So don’t believe that the Chinese are these strategic masterminds and we are bumbling. We have managed to bumble our way to a rather advanced position despite the challenges from the Kaiser’s Germany, from the Soviet Union and from Nazi Germany.

In fact, I think what you will find is that the United States and North America are creating an extraordinary model in this new world.

We are becoming the first universal nation, a country that draws people  from all parts of the world – people of all colors, creeds and religions and finds a way to harness their talent and build a kind of universal dream. It happens over here and it draws together people from all over the world.

Don’t lose faith in free and open societies.

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US Puppet Cuts His Strings

April 15, 2010 by · Leave a Comment 

Thwarted by the American government on compromise with Taliban, Karzai has begun openly defying his patrons

By Eric Margolis

2010-03-31T115509Z_01_BTRE62U0X4200_RTROPTP_3_POLITICS-US-AFGHANISTAN-TALIBAN-OBAMA

U.S. President Barack Obama inspects a guard of honor with Afghan President Hamid Karzai at the Presidential Palace in Kabul, March 28, 2010.

REUTERS/Jim Young  

April 11, 2010 “Toronto Sun” — Henry Kissinger once observed that it was more dangerous being America’s ally than its enemy.

The latest example: the U.S.-installed Afghan president, Hamid Karzai, who is in serious hot water with his really angry patrons in Washington.

The Obama administration is blaming the largely powerless Karzai, a former CIA “asset,” for America’s failure to defeat the Taliban. Washington accused Karzai of rigging last year’s elections. True enough, but the U.S. pre-rigged the Afghan elections by excluding all parties opposed to western occupation.

Washington, which supports dictators and phoney elections across the Muslim world, had the chutzpah to blast Karzai for corruption and rigging votes. This while the Pentagon was engineering a full military takeover of Pakistan.

The Obama administration made no secret it wanted to replace Karzai. You could almost hear Washington crying, “Bad puppet! Bad puppet!”

Karzai fired back, accusing the U.S. of vote-rigging. He has repeatedly demanded the U.S. military stop killing so many Afghan civilians.

Next, Karzai dropped a bombshell, asserting the U.S. was occupying Afghanistan to dominate the energy-rich Caspian Basin region, not because of the non-existent al-Qaida or Taliban. Karzai said Taliban was “resisting western occupation.” The U.S. will soon have 100,000 soldiers in Afghanistan, plus 40,000 dragooned NATO troops.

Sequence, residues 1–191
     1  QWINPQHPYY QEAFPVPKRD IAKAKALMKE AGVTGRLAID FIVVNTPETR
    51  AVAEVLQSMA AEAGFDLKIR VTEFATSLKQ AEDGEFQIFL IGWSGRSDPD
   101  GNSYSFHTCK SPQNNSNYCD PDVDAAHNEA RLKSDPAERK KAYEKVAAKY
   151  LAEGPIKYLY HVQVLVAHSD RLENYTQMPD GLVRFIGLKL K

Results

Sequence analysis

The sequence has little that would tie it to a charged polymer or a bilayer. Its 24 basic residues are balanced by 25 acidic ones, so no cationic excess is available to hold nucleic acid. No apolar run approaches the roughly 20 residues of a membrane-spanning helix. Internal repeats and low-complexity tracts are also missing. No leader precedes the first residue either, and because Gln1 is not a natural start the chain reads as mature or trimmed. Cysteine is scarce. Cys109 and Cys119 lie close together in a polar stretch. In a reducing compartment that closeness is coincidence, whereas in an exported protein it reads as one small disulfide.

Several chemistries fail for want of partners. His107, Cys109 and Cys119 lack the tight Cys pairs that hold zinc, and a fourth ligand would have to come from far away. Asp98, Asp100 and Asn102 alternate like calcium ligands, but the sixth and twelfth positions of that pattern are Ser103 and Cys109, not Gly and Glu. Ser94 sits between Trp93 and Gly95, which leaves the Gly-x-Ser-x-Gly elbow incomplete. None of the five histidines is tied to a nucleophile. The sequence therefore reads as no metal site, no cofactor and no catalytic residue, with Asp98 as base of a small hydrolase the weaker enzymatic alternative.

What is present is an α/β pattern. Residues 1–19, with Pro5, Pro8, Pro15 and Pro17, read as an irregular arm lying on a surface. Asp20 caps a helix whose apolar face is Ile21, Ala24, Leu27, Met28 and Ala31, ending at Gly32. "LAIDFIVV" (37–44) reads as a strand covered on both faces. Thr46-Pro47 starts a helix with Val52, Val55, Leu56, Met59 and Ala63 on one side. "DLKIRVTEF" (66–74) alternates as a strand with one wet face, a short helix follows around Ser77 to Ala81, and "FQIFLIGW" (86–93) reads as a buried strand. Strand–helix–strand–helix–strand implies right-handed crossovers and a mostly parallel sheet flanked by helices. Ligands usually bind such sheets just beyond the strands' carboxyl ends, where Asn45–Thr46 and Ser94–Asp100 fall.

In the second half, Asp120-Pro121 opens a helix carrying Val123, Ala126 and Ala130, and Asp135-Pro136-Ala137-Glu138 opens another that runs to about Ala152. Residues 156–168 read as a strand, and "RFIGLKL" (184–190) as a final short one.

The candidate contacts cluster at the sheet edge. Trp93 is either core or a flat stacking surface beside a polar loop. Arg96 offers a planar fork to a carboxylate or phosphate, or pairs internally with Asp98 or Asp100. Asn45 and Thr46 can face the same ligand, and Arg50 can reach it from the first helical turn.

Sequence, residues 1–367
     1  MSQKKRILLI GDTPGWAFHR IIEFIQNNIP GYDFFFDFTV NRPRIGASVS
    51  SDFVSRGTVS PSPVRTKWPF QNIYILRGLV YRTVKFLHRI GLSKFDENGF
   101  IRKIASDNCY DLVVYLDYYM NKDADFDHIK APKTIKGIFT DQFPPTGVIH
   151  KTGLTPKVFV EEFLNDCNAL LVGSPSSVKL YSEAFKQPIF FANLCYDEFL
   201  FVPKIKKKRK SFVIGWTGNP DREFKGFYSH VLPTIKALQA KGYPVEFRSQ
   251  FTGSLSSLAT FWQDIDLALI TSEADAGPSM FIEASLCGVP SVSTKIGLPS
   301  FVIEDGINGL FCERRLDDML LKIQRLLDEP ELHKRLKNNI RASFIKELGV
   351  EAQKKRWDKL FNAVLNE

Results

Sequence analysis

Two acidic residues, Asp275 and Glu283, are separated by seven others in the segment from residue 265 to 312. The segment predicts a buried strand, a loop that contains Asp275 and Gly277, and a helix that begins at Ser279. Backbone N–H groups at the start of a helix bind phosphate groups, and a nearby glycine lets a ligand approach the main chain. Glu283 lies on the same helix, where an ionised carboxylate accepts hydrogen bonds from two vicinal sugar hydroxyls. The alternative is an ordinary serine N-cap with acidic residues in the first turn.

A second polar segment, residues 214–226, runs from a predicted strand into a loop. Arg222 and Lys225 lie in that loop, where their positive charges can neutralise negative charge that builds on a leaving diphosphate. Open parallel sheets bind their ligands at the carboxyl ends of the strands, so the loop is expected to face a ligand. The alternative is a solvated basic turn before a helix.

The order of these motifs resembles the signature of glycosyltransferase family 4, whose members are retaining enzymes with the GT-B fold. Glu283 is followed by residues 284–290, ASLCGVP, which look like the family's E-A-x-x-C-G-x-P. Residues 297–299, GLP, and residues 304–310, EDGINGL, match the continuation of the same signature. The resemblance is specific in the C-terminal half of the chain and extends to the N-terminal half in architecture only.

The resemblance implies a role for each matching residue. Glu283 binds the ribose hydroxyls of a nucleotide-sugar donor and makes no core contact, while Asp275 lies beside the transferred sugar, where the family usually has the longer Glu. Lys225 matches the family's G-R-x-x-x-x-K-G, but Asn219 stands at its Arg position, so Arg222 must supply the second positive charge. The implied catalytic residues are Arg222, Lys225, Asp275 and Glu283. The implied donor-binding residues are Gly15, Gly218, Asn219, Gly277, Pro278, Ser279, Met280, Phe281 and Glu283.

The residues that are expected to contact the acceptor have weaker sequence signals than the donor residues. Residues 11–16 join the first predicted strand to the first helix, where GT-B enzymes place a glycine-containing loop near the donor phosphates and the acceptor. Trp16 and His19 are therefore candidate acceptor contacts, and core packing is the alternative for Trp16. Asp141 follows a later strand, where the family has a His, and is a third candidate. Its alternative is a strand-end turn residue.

Karzai even half-jested he might join Taliban.

Washington had apoplexy. A vicious propaganda campaign was unleashed against Karzai. The New York Times, a mouthpiece for the Obama administration and ardent backer of the Afghan war, all but called for the overthrow of Karzai and his replacement by a compliant general.

An American self-promoter, Peter Galbraith, who had been fired from his job with the UN in Kabul, was trotted out to tell media that Karzai might be both a drug addict and crazy.

Behind this ugly, if also comical, spat lay a growing divergence between Afghans and Washington. After 31 years of conflict, nearly three million dead, millions more refugees and frightful poverty, Afghans yearn for peace.

For the past two years, Karzai and his warlord allies have been holding peace talks with the Taliban in Saudi Arabia.

Karzai knows the only way to end the Afghan conflict is to enfranchise the nation’s Pashtun majority and its fighting arm, the Taliban. Political compromise with the Taliban is the only – and inevitable – solution.

But the Obama administration, misadvised by Washington neocons and other hardliners, is determined to “win” a military victory in Afghanistan (whatever that means) to save face as a great power and impose a settlement that leaves it in control of strategic Afghanistan.

Accordingly, the U.S. thwarted Karzai’s peace talks by getting Pakistan, currently the recipient of $7 billion in U.S. cash, to arrest senior Taliban leaders sheltering there who had been part of the ongoing peace negotiations with Kabul.

It was Karzai’s turn to be enraged. So he began openly defying his American patrons and adopting an independent position. The puppet was cutting his strings.

Karzai’s newfound boldness was due to the fact that both India and China are eager to replace U.S./British/NATO domination of Afghanistan. India is pouring money, arms and agents into Afghanistan and training government forces. China, more discreetly, is moving in to exploit Afghanistan’s recently discovered mineral wealth that, says Karzai, is worth $1 trillion, according to a U.S. government geological survey.

Russia, still smarting from its 1980s defeat in Afghanistan, is watching America’s travails there with rich enjoyment and not a little yearning for revenge. Moscow has its own ambitions in Afghanistan.